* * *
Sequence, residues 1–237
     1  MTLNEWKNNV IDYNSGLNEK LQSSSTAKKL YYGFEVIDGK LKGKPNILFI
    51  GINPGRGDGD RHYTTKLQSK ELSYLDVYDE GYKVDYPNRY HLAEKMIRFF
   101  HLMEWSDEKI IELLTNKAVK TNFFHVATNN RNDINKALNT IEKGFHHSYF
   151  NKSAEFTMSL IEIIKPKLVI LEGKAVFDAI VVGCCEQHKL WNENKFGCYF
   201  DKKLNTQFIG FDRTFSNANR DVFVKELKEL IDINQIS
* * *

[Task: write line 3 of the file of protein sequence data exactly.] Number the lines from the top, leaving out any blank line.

    51  GINPGRGDGD RHYTTKLQSK ELSYLDVYDE GYKVDYPNRY HLAEKMIRFF